2023 was the year that climate change models and forecasts became real to me in the most vivid way: the lack of stability and predictability in weather; the sharp discrepancies between what I thought would happen and what did happen; and the story of water and heat making me feel like I was in a science-fiction movie about trying to live on a planet with weather that made it uninhabitable. I realized there was a vast difference between knowing the planet is warming and experiencing it. 

A snow-covered garden is lovely in winter and another reason not to cut back plants in the fall.
A snow-covered garden is lovely in winter and another reason not to cut back plants in the fall. (Photo by P. Down)

Now that 2023 has been confirmed as the hottest year on record — a record that has been repeatedly shattered since 2000 — it’s difficult to keep absorbing what that means. Yes, the atmosphere is heating faster than scientists anticipated. Yes, extreme weather is more common. Yes, it’s expensive, uncomfortable and deadly, especially for people without money and power. The rest of non-human life — plants and trees, animals and birds — are either the focus of extraordinary conservation measures, or not. 

In my own landscape, this meant that I saw many soggy yards and broken trees. I answered many questions about what to plant and when, and why and how to care for it, during unpredictable seasons. After a spring drought, then a summer and fall of rain that exceeded 500 percent of normal at times, where was winter in all of this? Iris bloomed on Main Street in Cold Spring around Christmas. The honeysuckle and yarrow, the forsythia, the periwinkle all bloomed in my yard in December, too. Honeysuckle flowers are still there, popping out in the recent snowstorm. 

There was good news, too, about the trend toward native plants and yards with meadows instead of turf grass. Locally, gardeners were involved in planting more pollinator gardens in public spaces, highlighting both the need for and the beauty of plants that do more than produce flowers. In the U.S., emissions were lower because there was less coal-burning for energy. 

It’s clear that as we go deeper into the climate crisis, the main thing that will make a difference in how our gardens fare is political. Continue to do all the other things that make your yard sustainable — stop using pesticides and herbicides, compost your food scraps, add native plants that support birds and insects and wildlife. We know this is necessary, but how unpredictable our world becomes is going to depend on communities acting together to stop burning fossil fuels, i.e., voting. 

What we do in our own landscapes won’t make a difference unless we elect leaders who take climate change seriously and do everything in their power to mitigate the impacts we have already triggered. Sitting here 11 years into writing a column that has involved observing my environment closely and researching best practices, this is what I have to offer: Vote for your plants.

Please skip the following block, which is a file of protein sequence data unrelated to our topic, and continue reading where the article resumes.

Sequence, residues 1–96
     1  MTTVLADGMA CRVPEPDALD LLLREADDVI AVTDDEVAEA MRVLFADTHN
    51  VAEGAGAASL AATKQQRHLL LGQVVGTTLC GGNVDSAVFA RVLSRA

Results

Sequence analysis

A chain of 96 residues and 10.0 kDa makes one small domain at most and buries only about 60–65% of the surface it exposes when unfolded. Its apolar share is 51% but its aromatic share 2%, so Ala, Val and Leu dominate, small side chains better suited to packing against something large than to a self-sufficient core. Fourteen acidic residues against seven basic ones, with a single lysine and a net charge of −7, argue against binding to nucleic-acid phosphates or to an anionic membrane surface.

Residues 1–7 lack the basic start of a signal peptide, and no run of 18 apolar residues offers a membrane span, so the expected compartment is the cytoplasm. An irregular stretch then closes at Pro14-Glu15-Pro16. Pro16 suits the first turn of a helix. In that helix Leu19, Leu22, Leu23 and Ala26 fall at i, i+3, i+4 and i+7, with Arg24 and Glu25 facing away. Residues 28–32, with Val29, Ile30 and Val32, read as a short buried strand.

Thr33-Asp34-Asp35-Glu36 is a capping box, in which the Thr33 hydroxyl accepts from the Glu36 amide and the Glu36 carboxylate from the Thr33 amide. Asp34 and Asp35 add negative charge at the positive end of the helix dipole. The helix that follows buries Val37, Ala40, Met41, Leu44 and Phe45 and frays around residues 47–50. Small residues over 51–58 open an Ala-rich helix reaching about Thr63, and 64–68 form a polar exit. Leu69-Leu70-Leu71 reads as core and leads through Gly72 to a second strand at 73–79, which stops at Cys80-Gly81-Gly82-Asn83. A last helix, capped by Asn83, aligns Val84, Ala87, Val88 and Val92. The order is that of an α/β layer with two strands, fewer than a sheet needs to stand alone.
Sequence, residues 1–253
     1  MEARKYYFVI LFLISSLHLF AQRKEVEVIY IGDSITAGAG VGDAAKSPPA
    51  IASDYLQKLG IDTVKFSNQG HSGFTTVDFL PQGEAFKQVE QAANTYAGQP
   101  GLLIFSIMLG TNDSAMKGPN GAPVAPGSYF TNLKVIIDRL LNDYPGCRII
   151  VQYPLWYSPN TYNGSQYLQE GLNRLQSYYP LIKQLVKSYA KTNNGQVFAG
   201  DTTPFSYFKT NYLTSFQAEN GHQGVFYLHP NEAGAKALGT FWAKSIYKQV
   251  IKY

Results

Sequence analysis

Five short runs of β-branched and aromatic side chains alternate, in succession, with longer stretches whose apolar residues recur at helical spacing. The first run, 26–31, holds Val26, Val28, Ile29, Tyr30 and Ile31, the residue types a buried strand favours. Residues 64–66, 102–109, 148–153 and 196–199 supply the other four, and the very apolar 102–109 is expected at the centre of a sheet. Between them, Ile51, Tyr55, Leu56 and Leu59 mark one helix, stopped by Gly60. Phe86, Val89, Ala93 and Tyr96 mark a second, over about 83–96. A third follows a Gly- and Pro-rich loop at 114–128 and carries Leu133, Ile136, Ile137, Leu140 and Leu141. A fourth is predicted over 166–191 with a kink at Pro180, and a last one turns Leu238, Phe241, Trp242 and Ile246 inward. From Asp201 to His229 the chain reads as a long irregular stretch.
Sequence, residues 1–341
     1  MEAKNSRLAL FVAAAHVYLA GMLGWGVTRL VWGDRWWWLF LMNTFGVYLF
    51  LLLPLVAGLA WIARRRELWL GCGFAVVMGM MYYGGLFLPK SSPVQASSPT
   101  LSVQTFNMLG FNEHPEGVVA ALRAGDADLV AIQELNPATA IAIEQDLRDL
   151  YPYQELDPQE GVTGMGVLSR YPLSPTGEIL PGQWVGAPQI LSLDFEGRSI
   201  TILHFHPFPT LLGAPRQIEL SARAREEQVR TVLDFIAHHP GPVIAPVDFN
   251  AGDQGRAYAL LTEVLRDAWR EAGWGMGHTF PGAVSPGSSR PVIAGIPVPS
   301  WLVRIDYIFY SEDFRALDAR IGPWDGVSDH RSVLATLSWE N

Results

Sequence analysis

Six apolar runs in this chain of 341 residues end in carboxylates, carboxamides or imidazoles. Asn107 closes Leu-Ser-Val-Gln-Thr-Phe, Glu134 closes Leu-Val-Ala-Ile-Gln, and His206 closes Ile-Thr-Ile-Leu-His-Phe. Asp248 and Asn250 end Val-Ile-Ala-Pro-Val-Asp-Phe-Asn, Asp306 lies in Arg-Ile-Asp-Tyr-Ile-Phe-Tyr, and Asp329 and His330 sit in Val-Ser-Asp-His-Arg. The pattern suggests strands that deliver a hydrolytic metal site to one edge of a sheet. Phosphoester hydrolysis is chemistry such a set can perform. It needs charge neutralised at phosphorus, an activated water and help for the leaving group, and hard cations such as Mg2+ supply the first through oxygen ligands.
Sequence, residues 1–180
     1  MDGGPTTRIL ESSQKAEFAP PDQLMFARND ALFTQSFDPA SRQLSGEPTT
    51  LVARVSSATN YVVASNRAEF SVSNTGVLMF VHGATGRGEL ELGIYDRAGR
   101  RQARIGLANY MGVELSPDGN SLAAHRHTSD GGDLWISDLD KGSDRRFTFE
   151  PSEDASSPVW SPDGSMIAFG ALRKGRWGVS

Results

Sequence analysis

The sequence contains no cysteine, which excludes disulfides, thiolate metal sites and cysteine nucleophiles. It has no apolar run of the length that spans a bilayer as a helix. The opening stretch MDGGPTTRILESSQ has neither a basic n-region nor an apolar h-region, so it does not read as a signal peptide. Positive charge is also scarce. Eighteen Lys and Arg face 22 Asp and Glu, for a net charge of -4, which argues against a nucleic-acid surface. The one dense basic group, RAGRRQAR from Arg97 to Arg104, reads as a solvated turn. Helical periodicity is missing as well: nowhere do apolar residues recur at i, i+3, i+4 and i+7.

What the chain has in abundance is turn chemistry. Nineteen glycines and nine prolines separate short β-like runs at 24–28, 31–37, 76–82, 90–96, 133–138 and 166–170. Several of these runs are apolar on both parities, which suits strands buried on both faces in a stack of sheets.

A note about ice-melt products

When the snow appeared last weekend and I was tagged in our family to pick up ice melt, I took a closer look at the products and what they do in the environment. 

The most useful resource I found was a table in a road maintenance department manual from Minnesota (see bit.ly/salt-impacts). Not surprisingly, the rock salt I brought home (sodium chloride) has negative impacts on soil, breaking down its structure and stability.

By contrast, calcium chloride products can be beneficial to soils, building structure and permeability. Both products are pollutants for waterways, with sodium chloride being slightly worse with the addition of ferrocyanides. Both are toxic to plants and damage leaves and roots. 

The acetate-based products, including calcium magnesium acetate and potassium acetate, have low or no impact on soil and plants but worse impacts than the chloride-based products on waterways. All of the choices are effective at temperatures ranging from minus 20 to 20 degrees. 

Choose a product that meets the needs of your particular situation and where plantings are located. The Environmental Protection Agency lists sodium chloride as the most commonly used product by road maintenance crews. Use that knowledge when considering plants near roadways or ones that can be affected by runoff.

Behind The Story

Type: Opinion

Opinion: Advocates for ideas and draws conclusions based on the author/producer’s interpretation of facts and data.

Doan, who resides in Philipstown, has been writing for The Current since 2013. She edits the weekly calendar and writes the gardening column. Location: Philipstown. Languages: English. Areas of expertise: Gardening, environment

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